Gweinidog Un

After reading this story I'd encourage our dear Gweinidog Un to follow his namesake and go for a nice ride in the country, just to take his mind off the pressure of deciding what should or shouldn't be broadcast on state-controlled television.


The problem is to find any part of the countryside where he'd be welcome.

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Anonymous said...

I enjoyed the humour but this was an appalling incident. This is surely a symptom of one-party dominance and should be a matter of concern to any self-respecting democrat whether in the Labour Party or not. And bravo S4C for telling them where to go.

Anonymous said...

MH - on a tangent ... but in light of your comments about Labour trying to censor Pobol y Cwm (yes, it does sound like a joke doesn't it!) what's you views on a piece I read yesterday on Vaughan Roderick's blog. The Blog is in Welsh, readers can avail themselves to the wonders of googlechrome to get a decentish translation.

Basically, the talk of an SNP, PC, Ulster Unionist deal with the Tories to see the redefinig of bounderies. This would bring the number of Welsh seats from 40 to 30 with an increase in Assembly seats from 60 to 80 (+ PR)?

I'm all for it - it's only fair on a UK level (and after all Labour want to a united kingdom) and it would also mean that Labour in the future couldn't get 50% of the seats with some 40% of the vote. It's this Labour state mentality which allowed Labour to believe they could bully S4C and the BBC.

I hope, as Vaughan says quoting a Plaid source, that Plaid grow 'a pair' and get a good deal for Wales and don't care about what Labour say.

Anonymous said...

Anon 09:35 (sorry for butting in!)

I hope PC take a long-term view of this. In the near term, ok Labour can make accusations of taking sides with the Tories, of weakening Welsh representation in the Commons etc. But the ultimate prize of 80 AMs and PR is surely worth the sacrifice. The Labour party's dominance is a blight on Wales, the sooner we get some plurality the better.

Anonymous said...

Plaid need to stop worrying about Labour. Labour voted with the Tories or even Tory Eurosceptics a few weeks ago.

So what it Plaid 'lose' a seat with the amalgamation of seats? Plaid isn't there to guarantee a job for Elfyn Llywd or Hywel Williams. It's there to strengthen the Senedd and bring democracy closer to Wales.

80 seats with PR is a price well worth paying. It'll strengthen Wales and break Labour's undemocratic hegemony on Wales - the kind of hegemony which saw it try to ban Pobol y Cwm.

Anonymous said...

Wales would benefit greatly from having either Elfyn or Hywel or even both in the Senedd.

Anonymous said...

It's not as simple as Vaughan's source says. The Tories can't just 'give' Wales 80 AMs and PR, because Plaid Cymru unfortunately doesn't speak for Wales, Labour unfortunately does.

Jonathan Edwards has clearly said Plaid will accept a reduction IF there is an equivalent transfer of powers for Wales. On Twitter he said he's not in the business of fighting for Labour's interests but is fighting for Wales.

I don't see how Jonathan's position constitutes being "afraid of Labour" seeing as he has actually taken on Labour and beaten them in his seat.

I agree that Plaid is there to strengthen the Senedd but surely that's what they're doing by saying they WOULD accept a deal with the Tories. Nowhere has Plaid been worrying about Labour, and i'm certain Plaid would use the example of Labour backing right-wing Tories ont he European vote.

Sometimes I think Plaid is damned if it does, damned if it doesn't from alot of anonymous "critical friends".

Anonymous said...

"So what it Plaid 'lose' a seat with the amalgamation of seats? Plaid isn't there to guarantee a job for Elfyn Llywd or Hywel Williams. It's there to strengthen the Senedd and bring democracy closer to Wales.

80 seats with PR is a price well worth paying. It'll strengthen Wales and break Labour's undemocratic hegemony on Wales - the kind of hegemony which saw it try to ban Pobol y Cwm."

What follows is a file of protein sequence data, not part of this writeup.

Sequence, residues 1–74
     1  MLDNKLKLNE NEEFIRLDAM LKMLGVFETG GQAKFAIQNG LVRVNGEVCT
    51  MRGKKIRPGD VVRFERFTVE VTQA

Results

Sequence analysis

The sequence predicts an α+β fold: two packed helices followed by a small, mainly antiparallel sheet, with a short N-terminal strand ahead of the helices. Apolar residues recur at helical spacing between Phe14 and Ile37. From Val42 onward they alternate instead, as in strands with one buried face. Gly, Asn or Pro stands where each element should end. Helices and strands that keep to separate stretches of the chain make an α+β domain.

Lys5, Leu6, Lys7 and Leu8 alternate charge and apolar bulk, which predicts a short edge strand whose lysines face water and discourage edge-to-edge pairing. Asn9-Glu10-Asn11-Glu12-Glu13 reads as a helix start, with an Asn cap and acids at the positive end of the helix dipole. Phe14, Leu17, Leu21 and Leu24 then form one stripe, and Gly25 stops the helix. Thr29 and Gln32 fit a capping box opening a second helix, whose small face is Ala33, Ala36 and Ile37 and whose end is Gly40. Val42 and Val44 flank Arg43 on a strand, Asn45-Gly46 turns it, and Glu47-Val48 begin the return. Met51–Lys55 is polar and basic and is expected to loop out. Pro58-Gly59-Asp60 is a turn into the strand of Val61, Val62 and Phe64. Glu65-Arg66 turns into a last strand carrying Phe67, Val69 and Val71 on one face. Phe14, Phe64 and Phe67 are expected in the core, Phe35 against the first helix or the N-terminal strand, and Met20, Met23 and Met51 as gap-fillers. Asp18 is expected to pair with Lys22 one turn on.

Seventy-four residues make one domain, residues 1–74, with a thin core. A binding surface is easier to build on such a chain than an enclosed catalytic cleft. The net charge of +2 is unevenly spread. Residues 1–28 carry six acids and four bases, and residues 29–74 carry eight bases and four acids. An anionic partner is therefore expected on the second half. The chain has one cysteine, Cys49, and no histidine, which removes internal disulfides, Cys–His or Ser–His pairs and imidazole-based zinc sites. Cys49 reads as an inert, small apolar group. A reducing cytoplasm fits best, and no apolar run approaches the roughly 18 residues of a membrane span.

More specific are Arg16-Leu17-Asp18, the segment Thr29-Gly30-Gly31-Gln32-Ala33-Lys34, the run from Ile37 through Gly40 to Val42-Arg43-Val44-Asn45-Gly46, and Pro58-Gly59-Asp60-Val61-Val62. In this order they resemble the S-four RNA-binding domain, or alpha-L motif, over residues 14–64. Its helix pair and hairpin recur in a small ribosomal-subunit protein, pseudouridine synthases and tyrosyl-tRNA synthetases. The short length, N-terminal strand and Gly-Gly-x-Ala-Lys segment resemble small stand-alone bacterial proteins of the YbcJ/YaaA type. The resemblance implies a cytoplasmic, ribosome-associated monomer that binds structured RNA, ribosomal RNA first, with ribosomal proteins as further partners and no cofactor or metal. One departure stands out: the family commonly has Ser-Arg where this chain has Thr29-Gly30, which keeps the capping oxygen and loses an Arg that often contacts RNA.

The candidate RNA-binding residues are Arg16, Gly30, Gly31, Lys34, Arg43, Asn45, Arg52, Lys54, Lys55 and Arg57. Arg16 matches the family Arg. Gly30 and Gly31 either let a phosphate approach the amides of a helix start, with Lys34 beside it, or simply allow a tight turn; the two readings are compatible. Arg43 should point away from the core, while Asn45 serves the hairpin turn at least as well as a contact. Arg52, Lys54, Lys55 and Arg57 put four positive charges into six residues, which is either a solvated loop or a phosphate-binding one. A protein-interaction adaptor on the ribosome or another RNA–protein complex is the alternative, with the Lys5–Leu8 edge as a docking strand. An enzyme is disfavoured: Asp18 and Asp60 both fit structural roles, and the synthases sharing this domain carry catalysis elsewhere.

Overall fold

If this was or is actually on offer Plaid Cymru would jump at it. Plaid has never said it would protect Wales' 40 seats for the sake of it. It's unfair to suggest Plaid has ever said that.

Anonymous said...

Anon 210.7
" The Tories can't just 'give' Wales 80 AMs and PR, because Plaid Cymru unfortunately doesn't speak for Wales, Labour unfortunately does."

in fact, that has nothing to do with it. It's about the Tories in Wm wanting to cut a deal (possibly). If they should offer Plaid a good deal - less seats for more powers (police may be) for Wales and PR, lets say, then they can do it. Parliament is sovereign, nothing to do with who speaks for Wales.

Labour wanted Parliament to be sovereign, they could have beefed up the 2006 Govt of Wales act for the 2011 Referendum but decided against it. They want Wales to be part of the UK, then, they have to agree that more seats for less votes + Assembly + Cabinet Minister is a very unfair deal for the rest of the UK.

Anonymous said...

I don't think the Tories even support devolving criminal justice to Wales. Or PR. But let's see if they want to do a deal.

Plaid Cymru has said it would do a deal for a major transfer of powers.

MH said...

I think Vaughan is indulging in rhetoric at the expense of one or two facts. For example, in 2007 the choice was not only about whether to be in government with Labour or lead a government with the Tories and LibDems. One other factor (for me it was the most important one, but perhaps not for everyone in the party) was that the referendum on primary lawmaking powers could only be delivered with Labour, because it required a two-thirds majority. If that hurdle had not been cleared, there would be no serious talk today about tax or devolving more areas of responsibility to Wales.

But on the specific point about whether we should do a deal with the Tories on boundary changes, I think we should ... but only if we get things that benefit Wales in return.

For some years I have said that I've no problem with reducing the number of Welsh MPs in the same way as the number of Scottish MPs was reduced in 2005. But at the same time I've said that we need the same things to be devolved to Wales as are devolved to Scotland ... and that extra responsibilities are what would justify an increase in the number of AMs.

The two posts are here and here.

Of course in any negotiating situation we might not get everything we want. However I think it's perfectly reasonable to expect devolution of policing and justice (with Wales established as a separate jurisdiction) and of energy, because these things are already devolved to both Scotland and Northern Ireland.